Finally, to create a new note based on this template, use the menu command File New Choose Form, which will display the dialog shown in Figure 10-5.
Figure 10-5. Outlook Choose Form dialog
If the template you created was stored locally, select User Templates in File System. Opening the example template will create a new note item complete with the boilerplate text. From here, simply fill in specifics necessary to finish the entry. A completed note using the example discussed is shown in Figure 10-6.
Figure 10-6. Complete example note using Template Form
Using Hyperlinks in a Note
TIP: URLs embedded in notes are active links; click on the entry and your default browser launches and opens the web page listed. In addition to Internet locations, these links can be email addresses, a Newsgroup server, or a local resource path. See the section for a list of supported hyperlink formats.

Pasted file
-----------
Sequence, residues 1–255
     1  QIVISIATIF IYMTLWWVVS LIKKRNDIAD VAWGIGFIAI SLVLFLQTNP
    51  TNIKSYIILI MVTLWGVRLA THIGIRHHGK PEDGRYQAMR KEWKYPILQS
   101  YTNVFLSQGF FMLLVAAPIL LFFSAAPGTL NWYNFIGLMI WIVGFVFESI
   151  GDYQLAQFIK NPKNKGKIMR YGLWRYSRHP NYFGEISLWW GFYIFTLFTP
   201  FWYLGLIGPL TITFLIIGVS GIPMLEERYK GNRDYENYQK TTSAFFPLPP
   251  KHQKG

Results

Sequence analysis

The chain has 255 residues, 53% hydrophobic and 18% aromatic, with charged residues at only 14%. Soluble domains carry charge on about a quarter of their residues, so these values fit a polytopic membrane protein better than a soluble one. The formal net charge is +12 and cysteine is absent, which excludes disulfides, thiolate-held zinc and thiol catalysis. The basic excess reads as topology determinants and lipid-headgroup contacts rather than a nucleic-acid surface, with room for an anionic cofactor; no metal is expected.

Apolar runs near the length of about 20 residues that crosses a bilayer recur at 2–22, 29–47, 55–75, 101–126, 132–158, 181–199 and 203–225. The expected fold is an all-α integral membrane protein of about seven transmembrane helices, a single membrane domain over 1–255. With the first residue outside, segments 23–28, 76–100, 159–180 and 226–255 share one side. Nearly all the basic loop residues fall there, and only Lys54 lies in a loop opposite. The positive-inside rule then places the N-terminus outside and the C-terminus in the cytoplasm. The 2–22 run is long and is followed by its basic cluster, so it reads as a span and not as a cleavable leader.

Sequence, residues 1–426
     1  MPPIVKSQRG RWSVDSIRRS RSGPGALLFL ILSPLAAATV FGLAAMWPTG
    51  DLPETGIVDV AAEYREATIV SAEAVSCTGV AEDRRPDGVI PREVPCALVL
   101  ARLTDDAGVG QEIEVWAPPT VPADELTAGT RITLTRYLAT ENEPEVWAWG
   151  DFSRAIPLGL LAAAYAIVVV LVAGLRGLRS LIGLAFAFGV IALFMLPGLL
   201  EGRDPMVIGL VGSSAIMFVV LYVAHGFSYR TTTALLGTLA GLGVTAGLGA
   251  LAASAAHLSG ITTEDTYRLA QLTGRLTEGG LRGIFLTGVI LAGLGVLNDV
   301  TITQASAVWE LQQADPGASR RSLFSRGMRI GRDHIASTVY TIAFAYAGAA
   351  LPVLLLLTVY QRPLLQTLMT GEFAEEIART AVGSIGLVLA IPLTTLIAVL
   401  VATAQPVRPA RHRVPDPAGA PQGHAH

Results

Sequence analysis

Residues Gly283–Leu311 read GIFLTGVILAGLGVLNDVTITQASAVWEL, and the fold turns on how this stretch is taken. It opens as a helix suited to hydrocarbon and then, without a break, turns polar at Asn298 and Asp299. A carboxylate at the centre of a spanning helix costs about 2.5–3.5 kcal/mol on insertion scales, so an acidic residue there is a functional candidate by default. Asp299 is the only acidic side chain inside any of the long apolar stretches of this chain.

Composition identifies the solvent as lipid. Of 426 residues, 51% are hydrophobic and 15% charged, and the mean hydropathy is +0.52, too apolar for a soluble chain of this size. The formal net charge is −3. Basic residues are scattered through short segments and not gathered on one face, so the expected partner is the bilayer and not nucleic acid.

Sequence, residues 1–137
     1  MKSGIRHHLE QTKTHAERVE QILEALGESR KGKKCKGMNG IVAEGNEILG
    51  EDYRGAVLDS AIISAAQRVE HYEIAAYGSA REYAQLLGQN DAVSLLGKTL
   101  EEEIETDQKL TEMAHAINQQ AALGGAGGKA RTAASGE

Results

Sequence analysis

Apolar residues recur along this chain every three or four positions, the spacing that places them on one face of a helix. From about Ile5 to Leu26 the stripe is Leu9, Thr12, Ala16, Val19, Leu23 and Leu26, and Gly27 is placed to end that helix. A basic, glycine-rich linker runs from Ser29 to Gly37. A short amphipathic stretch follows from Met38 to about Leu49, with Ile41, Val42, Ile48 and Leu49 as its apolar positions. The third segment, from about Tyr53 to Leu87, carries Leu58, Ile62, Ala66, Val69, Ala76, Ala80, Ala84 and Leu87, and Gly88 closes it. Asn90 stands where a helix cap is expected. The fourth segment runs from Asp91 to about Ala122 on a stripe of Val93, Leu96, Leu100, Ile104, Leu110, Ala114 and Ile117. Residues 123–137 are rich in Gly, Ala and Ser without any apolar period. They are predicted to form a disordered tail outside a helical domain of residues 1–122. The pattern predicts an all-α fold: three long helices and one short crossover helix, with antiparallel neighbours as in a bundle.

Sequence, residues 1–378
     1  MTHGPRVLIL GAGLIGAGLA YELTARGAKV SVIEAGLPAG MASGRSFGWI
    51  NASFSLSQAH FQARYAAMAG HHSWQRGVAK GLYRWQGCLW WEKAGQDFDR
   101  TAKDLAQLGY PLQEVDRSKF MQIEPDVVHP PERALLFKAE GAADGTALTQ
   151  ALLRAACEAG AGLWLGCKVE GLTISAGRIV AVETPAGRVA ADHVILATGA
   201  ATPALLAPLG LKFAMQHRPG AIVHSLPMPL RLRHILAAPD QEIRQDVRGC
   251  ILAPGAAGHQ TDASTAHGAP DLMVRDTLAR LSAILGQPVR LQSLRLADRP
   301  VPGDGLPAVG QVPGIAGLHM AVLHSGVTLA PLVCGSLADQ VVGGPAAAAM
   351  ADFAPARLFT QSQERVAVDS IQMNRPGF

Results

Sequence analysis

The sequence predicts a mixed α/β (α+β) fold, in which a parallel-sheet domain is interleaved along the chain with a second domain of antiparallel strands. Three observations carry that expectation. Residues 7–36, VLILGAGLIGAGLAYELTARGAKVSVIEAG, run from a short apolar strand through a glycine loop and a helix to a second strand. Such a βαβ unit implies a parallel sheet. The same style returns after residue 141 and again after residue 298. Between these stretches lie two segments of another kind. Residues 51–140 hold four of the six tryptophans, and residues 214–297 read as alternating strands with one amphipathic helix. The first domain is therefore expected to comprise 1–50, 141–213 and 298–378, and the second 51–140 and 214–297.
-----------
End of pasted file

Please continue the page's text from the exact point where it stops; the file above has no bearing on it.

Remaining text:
Saving a note in Message Format creates a copy of that item, external to Outlook's database, in a file location you specify. This file will have an operating system file association of Outlook Item (extension .msg). Double-clicking on this file opens it in an Outlook Note form. Outlook does not have to be running to access and view this standalone file.
This same Message Format is used for any data record copied, moved, or saved outside the bounds of Outlook's interface. Common examples of such items are Save As files, message attachments, or a record dragged to the Windows Desktop.
Color, Categories, and Contacts
Referring back to the Note command menu in Figure 10-3, below the Paste command are three menu items useful to organizing notes.
The Color and Category commands work exactly as one would expect: Color changes the open note's background to one of the five available options; Category opens a dialog where you can associate the note with one or more of the descriptions listed. (See Chapter 3, Program Insights, for details on working with Categories.) Right-clicking on an existing closed note will also give you access to these commands. So, for example, you can easily change a single note from blue to green. See View By Color later in this chapter for details on changing the color of multiple notes in a single operation.